Kitty Marion: too radical even for the suffragettes

28 April 2018

9:00 AM

28 April 2018

9:00 AM

The suffragettes are largely remembered not as firestarters and bombers but as pale martyrs to patriarchy. The hunger artists refusing the rubber tube; Emily Wilding Davison dying under the King’s horse. We forget their destructive acts aimed at men and property; we remember the more sex-appropriate self-destruction.

Fern Riddell’s flawed book is intended as a corrective. Its subject, Kitty Marion (born Katherine Marie Schäfer in 1871 in Germany), was one of the suffragettes’ most prolific and dedicated practitioners of political violence: possibly a member of Christabel Pankhurst’s elite terror cell the Young Hot Bloods, undoubtedly an arsonist and a very effective one, the veteran of multiple imprisonments and force-feedings.

Marion’s radicalisation started with her abusive father (her mother died when she was two). On one occasion he threatened to break her legs if she behaved in an ‘unladylike manner’; another time he beat her puppy to death in order to show it ‘who was master’. An aunt in London offered an escape. Marion arrived in the city aged 15 and with no English, but within a few years was fluent enough to look for work in the theatre, with a newly anglicised name.

This was when the second act of her radicalisation occurred. Where her father had demanded her total obedience, and punished her with violence, the managers and agents of the music halls demanded her body, and punished her, Weinstein-wise, with career death when she resisted their assaults and spoke out.

This is a compelling tale, most of all when told in the words of Marion’s unpublished autobiography. But for some reason, Riddell has decided that the overarching story of Marion’s life is not the battle of early 20th-century women for the vote, but the contemporary contest between two schools of feminism: the ‘sex-positive’ strand that embraces pornography and prostitution, and the other one, variously described by Riddell as ‘conservative’ and ‘prudish’. She claims a lineage of sex positivity that stretches back to Mary Wollstonecraft. However, when she gripes about ‘early feminist narratives of victimhood’, she sounds more like a Camille Paglia knock-off than anything in the spirit of Vindication.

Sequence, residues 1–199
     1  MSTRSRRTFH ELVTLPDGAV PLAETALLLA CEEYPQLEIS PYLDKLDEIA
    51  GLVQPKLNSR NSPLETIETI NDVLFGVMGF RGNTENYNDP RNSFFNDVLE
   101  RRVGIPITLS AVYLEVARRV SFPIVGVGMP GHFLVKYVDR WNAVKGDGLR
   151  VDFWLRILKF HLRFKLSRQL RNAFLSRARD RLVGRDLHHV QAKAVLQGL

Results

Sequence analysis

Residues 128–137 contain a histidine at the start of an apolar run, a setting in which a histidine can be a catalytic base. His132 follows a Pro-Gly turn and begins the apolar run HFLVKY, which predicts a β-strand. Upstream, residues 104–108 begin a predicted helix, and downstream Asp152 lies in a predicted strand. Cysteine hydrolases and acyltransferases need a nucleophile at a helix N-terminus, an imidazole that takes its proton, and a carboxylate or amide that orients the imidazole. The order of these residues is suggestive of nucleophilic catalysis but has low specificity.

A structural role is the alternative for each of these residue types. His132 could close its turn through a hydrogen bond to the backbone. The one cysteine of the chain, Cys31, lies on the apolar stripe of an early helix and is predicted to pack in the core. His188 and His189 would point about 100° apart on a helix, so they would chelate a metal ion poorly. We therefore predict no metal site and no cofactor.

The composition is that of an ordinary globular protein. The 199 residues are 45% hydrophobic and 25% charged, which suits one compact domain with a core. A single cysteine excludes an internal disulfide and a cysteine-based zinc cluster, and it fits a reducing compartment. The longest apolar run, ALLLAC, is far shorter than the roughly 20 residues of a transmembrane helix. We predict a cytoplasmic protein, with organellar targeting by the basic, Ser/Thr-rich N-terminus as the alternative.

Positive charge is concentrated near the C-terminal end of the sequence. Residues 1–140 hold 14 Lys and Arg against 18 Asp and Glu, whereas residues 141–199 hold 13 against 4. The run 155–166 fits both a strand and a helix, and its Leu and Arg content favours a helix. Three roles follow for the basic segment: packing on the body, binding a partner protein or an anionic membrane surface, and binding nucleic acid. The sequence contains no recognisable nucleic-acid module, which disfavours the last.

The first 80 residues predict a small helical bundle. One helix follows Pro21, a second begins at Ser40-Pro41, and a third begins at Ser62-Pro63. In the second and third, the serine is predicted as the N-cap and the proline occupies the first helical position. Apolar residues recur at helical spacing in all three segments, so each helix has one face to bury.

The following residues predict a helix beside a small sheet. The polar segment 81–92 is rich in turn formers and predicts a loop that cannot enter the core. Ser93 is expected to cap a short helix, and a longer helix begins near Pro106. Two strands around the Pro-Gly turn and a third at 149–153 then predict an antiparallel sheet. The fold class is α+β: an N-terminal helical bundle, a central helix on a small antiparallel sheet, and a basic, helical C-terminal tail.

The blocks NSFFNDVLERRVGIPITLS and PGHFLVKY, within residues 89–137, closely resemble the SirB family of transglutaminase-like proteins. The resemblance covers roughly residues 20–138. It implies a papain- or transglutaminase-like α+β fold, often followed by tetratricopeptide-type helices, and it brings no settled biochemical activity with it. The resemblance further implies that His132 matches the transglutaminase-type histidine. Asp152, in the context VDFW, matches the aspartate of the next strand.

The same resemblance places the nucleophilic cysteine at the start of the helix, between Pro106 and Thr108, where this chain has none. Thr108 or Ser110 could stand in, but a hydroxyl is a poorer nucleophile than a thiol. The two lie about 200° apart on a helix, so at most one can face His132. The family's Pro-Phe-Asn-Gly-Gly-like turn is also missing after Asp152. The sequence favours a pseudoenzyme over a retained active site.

Riddell wants to convince us that Victorian women parlaying sex into advantage were often exercising their own agency and sometimes having a very nice time with it. That’s fair up to a point, but she commits to the idea beyond plausibility — for example, claiming that the performer Belle Bilton was ‘a fierce example of female independence’. But Bilton was not famous for her independence: she was famous for her marriage (she sensationally snagged a nobleman). You might says she was resilient, defiant or exceptionally canny; but calling her independent wilfully ignores the nature of the male-dominated world she had to negotiate.

After the suffragette movement had won its case, Marion transferred her fervour to birth control advocacy — not a universally popular cause among her political comrades (Christabel Pankhurst is chewed out by Riddell for arguing that ‘birth control would not help women, but rather only allow men to continue to abuse them’). Working alongside Margaret Sanger and Marie Stopes, Marion distributed material that educated women about avoiding pregnancy, and fell foul of the obscenity law, landing her once again in prison.

For Riddell, this affiliation proves decisively that Marion belongs to the angels’ side of sex positivity. Such determined Manicheanism (good sex positive feminists, bad other ones) creates peculiar omissions and strange interpretations. There is much here about the clay feet of the Pankhursts, but no mention of Sanger’s and Stopes’s promotion of (then accepted, now discredited) eugenics. Riddell claims that Marion nurtured an unspoken opposition to Christabel Pankhurst’s fiery anti-prostitution text, The Great Scourge; but when Marion objected to those who placed the burden of propriety (and the blame for STDs) on women, she critiqued the exact same sexual double standard around ‘chastity’ that Pankhurst attacked.

Even where the divisions are real — as on the birth control question — Riddell is too dismissive to be interesting. Christabel Pankhurst’s resistance to contraception is a dead end from this side of history, but before the introduction of penicillin in the 1940s, syphilis and gonorrhoea were incurable diseases against which barrier methods were only partly effective. It’s worth acknowledging, too, that many women’s experience of the 1960s sexual revolution bore out Pankhurst’s fears to some degree. Women don’t have to get pregnant to be thoroughly screwed by men.

And there’s another problem with giving Marion the modern brand of ‘sex positive’: as Riddell acknowledges, there’s no evidence she actually had any. The right to say no to pregnancy, and to men entirely, may well have been at least as animating for Marion as the right to say yes. Riddell asks: ‘Why did early feminists forget about sex?’ A better question is why do so many still believe that (hetero) sex can be held apart from the un-equal conditions it happens in. By downplaying the everyday violence of being female under male control, Death in Ten Minutes ultimately downplays the justice of the suffragettes’ cause. The title, incidentally, refers to a message left on one of the suffragettes’ bombs.

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